AUSTIN, Texas — Pharmacies in Austin, as well as across the nation are experiencing supply shortages. Key drugs are out, and many are scrambling to get their hands on what's available.
One Austin pharmacy has been hit particularly hard. Nau's Enfield Drug is a local staple – shop that has been around for decades but might have to close its doors.
"We were probably averaging about 100 prescriptions a day," said manager Laura Labay. "I've noticed my fills going down to 20, 30 a day, and that is declining.
It's a significant decrease. If the prescriptions aren't coming in, money is lost. According to Labay, running a pharmacy is expensive, and they're trying to keep up.
"We've had prescriptions that we can't get the medication," added Labay. "We'll try to go to second and third parties, but sometimes you can't source the medication."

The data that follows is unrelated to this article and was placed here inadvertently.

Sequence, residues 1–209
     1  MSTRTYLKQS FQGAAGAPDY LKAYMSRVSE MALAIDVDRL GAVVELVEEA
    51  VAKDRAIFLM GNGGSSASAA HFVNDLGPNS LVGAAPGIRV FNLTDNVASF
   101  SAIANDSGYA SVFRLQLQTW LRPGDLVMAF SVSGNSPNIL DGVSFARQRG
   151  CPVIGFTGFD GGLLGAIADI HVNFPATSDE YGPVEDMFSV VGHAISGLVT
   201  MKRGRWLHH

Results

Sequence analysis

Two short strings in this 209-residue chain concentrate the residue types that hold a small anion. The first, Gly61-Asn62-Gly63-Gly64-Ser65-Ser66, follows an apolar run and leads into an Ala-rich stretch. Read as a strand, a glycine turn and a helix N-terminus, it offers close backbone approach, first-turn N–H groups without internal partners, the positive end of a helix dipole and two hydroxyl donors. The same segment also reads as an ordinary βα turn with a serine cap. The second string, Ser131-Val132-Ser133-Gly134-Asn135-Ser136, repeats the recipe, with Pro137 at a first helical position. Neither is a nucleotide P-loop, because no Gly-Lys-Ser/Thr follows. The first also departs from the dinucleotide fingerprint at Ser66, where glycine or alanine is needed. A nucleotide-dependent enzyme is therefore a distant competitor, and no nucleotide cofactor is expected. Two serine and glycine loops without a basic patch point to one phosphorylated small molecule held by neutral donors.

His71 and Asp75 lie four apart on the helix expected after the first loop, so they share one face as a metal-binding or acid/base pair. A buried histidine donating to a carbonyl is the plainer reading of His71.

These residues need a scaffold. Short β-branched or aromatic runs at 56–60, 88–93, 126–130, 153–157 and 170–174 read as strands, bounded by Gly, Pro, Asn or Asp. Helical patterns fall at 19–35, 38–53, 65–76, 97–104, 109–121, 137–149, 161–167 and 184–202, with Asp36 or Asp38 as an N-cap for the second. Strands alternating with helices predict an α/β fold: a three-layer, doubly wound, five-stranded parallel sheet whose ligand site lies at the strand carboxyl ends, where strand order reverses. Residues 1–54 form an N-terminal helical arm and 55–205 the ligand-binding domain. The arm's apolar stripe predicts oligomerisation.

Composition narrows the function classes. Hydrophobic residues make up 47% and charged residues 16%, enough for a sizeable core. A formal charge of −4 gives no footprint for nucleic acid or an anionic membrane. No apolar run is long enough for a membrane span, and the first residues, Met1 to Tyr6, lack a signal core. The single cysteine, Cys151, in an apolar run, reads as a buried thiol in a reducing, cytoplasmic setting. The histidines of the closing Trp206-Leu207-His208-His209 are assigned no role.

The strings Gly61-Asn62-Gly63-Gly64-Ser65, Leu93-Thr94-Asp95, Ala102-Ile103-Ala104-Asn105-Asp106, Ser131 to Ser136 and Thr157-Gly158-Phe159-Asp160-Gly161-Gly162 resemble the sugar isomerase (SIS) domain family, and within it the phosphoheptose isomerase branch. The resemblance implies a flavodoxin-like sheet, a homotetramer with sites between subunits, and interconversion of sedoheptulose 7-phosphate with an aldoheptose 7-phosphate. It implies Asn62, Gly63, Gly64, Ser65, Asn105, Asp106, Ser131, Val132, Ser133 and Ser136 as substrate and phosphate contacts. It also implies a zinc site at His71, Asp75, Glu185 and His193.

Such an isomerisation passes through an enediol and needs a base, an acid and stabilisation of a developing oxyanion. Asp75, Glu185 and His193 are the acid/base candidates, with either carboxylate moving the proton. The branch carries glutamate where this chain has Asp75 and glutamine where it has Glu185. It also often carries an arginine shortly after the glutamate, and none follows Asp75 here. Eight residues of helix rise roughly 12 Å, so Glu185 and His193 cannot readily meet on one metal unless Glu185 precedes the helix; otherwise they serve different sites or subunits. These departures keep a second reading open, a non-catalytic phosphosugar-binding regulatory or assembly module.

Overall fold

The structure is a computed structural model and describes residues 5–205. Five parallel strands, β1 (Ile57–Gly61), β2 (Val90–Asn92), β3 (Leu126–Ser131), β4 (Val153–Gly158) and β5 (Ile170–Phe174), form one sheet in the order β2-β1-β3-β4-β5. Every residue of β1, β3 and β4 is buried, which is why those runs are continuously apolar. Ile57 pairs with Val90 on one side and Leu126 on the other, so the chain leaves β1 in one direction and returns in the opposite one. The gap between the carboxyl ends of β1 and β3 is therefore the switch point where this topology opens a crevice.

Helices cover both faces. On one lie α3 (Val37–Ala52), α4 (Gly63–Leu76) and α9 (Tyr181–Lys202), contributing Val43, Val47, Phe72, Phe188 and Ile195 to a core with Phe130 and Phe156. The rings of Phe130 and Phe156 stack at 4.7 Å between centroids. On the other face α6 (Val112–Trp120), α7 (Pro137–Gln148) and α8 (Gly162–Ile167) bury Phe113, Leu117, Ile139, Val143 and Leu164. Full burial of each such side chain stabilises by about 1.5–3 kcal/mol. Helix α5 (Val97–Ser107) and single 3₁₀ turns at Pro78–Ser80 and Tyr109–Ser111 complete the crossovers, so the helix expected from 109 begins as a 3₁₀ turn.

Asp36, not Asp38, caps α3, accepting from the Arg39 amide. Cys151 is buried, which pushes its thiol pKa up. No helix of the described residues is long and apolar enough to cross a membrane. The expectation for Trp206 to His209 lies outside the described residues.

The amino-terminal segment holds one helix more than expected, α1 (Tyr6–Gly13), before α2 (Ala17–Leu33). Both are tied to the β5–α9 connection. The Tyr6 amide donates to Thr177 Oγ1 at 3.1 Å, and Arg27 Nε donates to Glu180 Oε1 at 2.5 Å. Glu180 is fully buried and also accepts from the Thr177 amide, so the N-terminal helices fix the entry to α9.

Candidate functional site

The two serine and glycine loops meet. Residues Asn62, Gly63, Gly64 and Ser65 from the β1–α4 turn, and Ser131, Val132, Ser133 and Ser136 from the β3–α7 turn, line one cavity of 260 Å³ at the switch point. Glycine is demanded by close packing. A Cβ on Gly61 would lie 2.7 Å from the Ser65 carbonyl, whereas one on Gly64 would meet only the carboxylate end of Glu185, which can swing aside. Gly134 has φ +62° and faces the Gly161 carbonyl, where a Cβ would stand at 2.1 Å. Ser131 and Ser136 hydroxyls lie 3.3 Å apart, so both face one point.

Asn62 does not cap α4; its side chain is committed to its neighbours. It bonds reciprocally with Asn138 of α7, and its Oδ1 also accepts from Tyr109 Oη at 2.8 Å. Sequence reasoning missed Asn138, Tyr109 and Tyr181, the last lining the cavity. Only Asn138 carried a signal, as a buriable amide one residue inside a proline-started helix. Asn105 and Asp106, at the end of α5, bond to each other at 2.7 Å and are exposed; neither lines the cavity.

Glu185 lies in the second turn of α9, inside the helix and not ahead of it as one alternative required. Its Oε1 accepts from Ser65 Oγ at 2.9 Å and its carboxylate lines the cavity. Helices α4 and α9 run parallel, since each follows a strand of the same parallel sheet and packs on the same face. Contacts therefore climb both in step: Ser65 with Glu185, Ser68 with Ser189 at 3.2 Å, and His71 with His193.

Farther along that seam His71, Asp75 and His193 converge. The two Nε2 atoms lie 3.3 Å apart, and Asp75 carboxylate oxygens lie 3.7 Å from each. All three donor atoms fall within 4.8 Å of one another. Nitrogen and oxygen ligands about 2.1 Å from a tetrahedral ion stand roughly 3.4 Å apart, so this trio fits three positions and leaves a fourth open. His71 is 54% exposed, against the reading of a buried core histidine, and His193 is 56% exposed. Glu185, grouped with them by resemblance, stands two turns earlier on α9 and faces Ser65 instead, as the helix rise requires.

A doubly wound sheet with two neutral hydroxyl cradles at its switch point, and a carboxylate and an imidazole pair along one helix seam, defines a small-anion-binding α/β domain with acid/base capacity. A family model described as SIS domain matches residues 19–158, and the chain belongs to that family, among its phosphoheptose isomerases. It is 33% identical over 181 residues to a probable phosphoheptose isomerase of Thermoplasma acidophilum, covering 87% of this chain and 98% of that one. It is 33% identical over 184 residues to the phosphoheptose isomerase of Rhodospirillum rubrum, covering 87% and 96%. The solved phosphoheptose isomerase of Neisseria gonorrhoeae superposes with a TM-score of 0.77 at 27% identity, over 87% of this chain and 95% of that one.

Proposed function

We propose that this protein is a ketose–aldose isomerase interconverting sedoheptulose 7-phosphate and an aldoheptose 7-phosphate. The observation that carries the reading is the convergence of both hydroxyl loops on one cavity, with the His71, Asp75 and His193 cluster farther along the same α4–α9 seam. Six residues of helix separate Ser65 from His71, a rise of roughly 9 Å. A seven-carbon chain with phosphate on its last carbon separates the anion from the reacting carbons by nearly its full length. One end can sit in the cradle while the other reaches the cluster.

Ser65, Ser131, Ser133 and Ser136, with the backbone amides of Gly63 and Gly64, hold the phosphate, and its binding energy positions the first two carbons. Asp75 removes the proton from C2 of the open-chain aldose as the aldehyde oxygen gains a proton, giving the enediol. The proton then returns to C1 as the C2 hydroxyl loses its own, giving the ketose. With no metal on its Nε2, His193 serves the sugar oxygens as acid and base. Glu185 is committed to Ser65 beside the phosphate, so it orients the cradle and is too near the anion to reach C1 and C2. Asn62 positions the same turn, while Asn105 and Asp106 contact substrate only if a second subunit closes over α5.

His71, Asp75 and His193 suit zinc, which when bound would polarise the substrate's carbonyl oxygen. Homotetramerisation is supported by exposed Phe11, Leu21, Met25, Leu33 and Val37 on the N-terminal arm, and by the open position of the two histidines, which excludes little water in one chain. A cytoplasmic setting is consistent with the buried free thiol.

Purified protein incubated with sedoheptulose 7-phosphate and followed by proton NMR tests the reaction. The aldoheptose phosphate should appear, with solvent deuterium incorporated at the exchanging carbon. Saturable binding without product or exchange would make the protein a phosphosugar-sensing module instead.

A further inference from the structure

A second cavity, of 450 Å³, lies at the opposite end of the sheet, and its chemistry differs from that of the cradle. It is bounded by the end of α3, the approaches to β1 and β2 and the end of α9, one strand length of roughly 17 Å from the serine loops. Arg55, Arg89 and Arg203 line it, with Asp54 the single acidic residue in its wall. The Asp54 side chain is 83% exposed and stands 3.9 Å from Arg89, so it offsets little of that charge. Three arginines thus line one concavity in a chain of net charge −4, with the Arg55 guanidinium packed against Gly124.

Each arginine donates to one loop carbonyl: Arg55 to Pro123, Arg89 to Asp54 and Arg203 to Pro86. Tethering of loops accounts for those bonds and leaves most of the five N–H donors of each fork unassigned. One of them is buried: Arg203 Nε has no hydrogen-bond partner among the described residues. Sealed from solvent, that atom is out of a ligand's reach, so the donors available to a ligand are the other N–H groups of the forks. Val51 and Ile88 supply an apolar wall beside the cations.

And when customers can't get the medication there, they start inquiring in other pharmacies.
"There are times when we cannot acquire the medication, so we'll have to transfer that patient," she added.
Labay said the bad thing is that many of these customers are older, so they're not going to two different pharmacies to get different prescriptions. They'll stick to one.
Meaning, Labay loses faithful customers. She fears she'll never get them back.
However, Nau's is not the only pharmacy struggling.
Dr. Ashley Darling told KVUE pharmacies all over Austin are affected by this supply shortage.
"I believe there were almost 200 medications with the last time I worked on the FDA website were on backorder or currently low stock," said Darling.
Click here for a list of medications currently low on supply.
Nau's Pharmacist Michael Herrera said if people aren't receiving the prescriptions they need on time, they could end up in the hospital. Many rely on their medication to treat urgent conditions.
"I needed medication for migraines, and it took three days, you know, and I'm a pharmacist myself and actually work at one, and it still took multiple days," said Darling.
As pharmacies continue to struggle, Labay hopes this supply shortage doesn't cost her the family business.
"It's been very, very difficult to stay afloat," Labay added.
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